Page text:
There’s been a lot of sensationalism about the meltdowns at the Japanese Fukushima Daiichi nuclear power facility. I just read an article that puts Fukushima into perspective without minimizing its seriousness.
Here’s a link to it.
Many of us who are concerned about the need to replace fossil fuels as energy sources for geopolitical and environmental reasons have been looking to nuclear energy as part of the solution. The events at Fukushima, serious as they are, have not fundamentally changed the arguments, pro or con, regarding nuclear power.
The reactors that failed were approaching the end of their useful life and would have been replaced in a few years or a decade by newer technology that, analysis shows, would have survived even the extreme event of the March 2011 earthquake and tsunami.
But the failure should, at least, give us pause about how our political and corporate decision making process works when complex technology is concerned. We are facing many open questions.
In my 1995 book for young readers Catastrophe! Great Engineering Failure–and Success, I had a chapter about the lessons of Three Mile Island and Chernobyl. If I were writing that book today, I would have to add Fukushima into the mix.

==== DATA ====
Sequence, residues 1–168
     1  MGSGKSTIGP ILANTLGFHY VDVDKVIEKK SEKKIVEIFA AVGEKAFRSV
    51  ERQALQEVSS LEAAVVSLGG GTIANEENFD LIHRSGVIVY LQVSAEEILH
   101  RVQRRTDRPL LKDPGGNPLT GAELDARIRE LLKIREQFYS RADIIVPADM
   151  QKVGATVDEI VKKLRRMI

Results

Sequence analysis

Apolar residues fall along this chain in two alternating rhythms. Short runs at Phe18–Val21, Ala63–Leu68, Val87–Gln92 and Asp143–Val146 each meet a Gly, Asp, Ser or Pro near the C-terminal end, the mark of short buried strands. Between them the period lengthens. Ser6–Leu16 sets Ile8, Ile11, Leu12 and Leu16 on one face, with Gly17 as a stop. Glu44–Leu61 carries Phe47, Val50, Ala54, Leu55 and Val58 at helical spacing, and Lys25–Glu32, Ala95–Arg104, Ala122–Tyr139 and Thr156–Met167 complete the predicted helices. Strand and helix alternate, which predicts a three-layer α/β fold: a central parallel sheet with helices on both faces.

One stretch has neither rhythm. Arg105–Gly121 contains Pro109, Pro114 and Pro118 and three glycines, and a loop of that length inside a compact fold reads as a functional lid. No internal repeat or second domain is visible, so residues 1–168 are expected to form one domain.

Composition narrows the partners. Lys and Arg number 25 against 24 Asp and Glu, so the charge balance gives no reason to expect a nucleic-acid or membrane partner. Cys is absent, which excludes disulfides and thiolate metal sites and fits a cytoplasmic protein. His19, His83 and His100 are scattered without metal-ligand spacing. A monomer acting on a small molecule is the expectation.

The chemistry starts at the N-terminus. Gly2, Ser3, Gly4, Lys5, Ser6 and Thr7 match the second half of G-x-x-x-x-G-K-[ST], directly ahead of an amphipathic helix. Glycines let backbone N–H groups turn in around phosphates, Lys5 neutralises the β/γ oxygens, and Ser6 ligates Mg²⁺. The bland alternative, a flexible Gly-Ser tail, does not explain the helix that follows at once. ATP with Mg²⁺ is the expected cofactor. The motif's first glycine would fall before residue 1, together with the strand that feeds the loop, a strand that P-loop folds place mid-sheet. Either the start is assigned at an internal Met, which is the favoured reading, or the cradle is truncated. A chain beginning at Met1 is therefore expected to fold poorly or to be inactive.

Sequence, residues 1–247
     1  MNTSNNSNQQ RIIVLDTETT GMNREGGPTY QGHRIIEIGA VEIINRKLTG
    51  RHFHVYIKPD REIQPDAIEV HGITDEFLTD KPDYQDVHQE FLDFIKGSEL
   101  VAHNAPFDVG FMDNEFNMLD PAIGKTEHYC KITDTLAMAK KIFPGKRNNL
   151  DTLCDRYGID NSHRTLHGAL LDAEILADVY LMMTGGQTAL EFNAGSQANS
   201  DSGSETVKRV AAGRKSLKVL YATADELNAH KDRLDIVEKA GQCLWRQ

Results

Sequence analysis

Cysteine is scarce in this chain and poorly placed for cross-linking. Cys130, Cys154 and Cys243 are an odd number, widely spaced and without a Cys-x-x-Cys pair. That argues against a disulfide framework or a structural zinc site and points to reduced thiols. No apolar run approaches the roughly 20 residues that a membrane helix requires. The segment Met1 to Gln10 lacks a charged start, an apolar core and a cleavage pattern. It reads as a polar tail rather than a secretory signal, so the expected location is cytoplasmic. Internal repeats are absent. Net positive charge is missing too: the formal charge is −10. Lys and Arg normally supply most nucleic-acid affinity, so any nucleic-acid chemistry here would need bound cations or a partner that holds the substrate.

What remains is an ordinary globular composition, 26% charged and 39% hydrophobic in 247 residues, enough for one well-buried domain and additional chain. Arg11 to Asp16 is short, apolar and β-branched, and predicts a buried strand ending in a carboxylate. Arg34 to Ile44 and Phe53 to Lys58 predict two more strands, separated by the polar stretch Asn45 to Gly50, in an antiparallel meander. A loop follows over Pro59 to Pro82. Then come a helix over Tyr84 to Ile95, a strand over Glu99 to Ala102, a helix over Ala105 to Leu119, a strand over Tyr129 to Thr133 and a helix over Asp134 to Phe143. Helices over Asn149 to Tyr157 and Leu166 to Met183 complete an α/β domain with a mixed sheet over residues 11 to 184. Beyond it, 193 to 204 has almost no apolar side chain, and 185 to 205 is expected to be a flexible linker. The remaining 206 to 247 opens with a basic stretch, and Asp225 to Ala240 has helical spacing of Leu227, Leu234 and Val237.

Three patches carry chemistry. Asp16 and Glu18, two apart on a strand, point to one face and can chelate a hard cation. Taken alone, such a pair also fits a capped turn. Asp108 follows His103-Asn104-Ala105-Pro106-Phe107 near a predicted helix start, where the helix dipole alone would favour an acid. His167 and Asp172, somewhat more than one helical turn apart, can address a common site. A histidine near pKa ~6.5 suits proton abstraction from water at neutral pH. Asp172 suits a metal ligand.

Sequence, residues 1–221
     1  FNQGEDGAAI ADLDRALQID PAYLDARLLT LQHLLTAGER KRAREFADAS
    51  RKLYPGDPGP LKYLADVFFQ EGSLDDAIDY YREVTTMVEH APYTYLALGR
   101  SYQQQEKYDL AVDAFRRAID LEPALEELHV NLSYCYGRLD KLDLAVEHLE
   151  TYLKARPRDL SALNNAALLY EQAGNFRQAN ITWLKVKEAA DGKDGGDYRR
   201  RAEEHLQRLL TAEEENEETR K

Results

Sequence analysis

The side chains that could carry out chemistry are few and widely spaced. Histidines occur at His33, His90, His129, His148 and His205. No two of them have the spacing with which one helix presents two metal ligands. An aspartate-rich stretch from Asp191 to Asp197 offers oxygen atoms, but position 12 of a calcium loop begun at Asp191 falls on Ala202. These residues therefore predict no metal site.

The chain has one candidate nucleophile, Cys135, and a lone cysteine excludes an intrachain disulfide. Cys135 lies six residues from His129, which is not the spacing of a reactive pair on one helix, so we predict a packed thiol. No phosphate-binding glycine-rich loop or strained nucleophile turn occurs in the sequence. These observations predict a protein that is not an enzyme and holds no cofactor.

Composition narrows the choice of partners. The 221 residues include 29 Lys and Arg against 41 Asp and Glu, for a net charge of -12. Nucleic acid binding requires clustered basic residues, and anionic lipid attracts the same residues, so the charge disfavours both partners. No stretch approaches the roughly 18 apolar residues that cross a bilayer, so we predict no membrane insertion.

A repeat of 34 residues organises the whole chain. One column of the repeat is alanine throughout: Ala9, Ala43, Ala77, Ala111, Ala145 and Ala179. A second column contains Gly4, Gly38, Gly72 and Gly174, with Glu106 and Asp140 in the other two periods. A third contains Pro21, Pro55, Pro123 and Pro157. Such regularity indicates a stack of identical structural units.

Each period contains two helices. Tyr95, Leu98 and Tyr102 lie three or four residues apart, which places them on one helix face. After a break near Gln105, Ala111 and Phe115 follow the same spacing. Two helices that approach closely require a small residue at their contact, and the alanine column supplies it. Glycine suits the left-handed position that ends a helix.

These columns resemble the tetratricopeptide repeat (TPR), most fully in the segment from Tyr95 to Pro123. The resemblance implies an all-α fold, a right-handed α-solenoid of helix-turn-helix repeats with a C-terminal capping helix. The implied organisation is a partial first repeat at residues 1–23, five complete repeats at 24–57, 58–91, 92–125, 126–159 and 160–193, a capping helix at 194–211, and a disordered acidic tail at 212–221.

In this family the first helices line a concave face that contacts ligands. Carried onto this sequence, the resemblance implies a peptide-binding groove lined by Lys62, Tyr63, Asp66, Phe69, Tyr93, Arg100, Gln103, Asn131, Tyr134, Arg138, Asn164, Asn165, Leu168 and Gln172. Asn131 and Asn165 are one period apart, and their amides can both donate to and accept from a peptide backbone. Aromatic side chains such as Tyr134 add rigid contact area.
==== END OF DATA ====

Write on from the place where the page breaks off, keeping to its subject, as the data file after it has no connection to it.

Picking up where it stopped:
But I would still end it with open questions and a challenge to my young readers as they look ahead in their lives.
Here’s what I wrote then (cut and pasted from my submitted draft–the edited version was quite similar):
Still, sometime in your lifetime, the question of nuclear power is likely to arise again. The designs will be safer, the plans for waste disposal will be better, and the concerns about other sources of electric power will grow.
Both sides will argue that we have learned the lessons of TMI and Chernobyl. One side will say that the lessons teach us that nuclear power plant technology will always be too risky to try. The other side will say that the we have learned the lessons of failure and that we can succeed in spite of the risks.
Coming to the right decision then will be no easier than it is now, nor will it be any less important. TMI and Chernobyl are two spectacular failures from which we will be learning for a long time.
Add Fukushima to those paragraphs, and the message today is the same as it was in 1995.